Basic trade union recognition was supported in law for the first time in the US under Frances’ leadership and America’s rudimentary social security system – withstanding attack almost ever since – is essentially the one she introduced in 1935. Many regard that act as her proudest achievement.
“The first in her family to go to university, she surprised her parents by studying science.”
Biographies of Frances, a wise and matronly New Englander, cover her public life comprehensively but she worked hard behind the scenes, too. Under her, the Department of Labour became the first department to employ black Americans in senior roles and she ended racial discrimination amongst her own employees. She was the first to put concern about the rise of Hitler on the Cabinet agenda and, later in the 1930s, was almost a lone voice in government arguing for refugee status for German jews as she found herself fighting the State Department’s institutional antisemitism. On these broader political issues she found FDR’s reluctance to take a public stand most frustrating.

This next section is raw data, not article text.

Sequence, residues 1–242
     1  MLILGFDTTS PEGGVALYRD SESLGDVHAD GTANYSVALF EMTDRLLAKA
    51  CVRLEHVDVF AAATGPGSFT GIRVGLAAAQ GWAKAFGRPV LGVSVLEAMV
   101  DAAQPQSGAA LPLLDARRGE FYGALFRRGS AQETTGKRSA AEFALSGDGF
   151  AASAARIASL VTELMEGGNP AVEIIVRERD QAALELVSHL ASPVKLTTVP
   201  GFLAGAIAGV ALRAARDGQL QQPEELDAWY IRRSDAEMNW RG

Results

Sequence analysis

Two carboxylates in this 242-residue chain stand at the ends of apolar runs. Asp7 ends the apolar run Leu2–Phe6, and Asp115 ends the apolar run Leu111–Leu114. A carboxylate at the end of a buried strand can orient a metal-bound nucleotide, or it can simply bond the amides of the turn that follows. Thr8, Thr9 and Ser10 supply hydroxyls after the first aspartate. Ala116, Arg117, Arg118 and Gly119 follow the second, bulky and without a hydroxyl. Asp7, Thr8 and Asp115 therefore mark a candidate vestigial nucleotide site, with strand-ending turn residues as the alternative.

Her internationalism was profound. She had America join the International Labour Office (ILO), the last remaining vestige of the League of Nations, and saved it when its Swiss headquarters were facing the Nazi threat. She did this through her protégé John Winant, who became the US Ambassador to Britain during World War 2. She was a frequent visitor to England, spending time here as a student at Toynbee Hall and Oxford summer schools, meeting a young Winston Churchill in 1906. This acquaintance was put to good use later when she persuaded FDR and Churchill (in a corridor confrontation in the White House) to structure the new United Nations on the established – and successful – ILO model.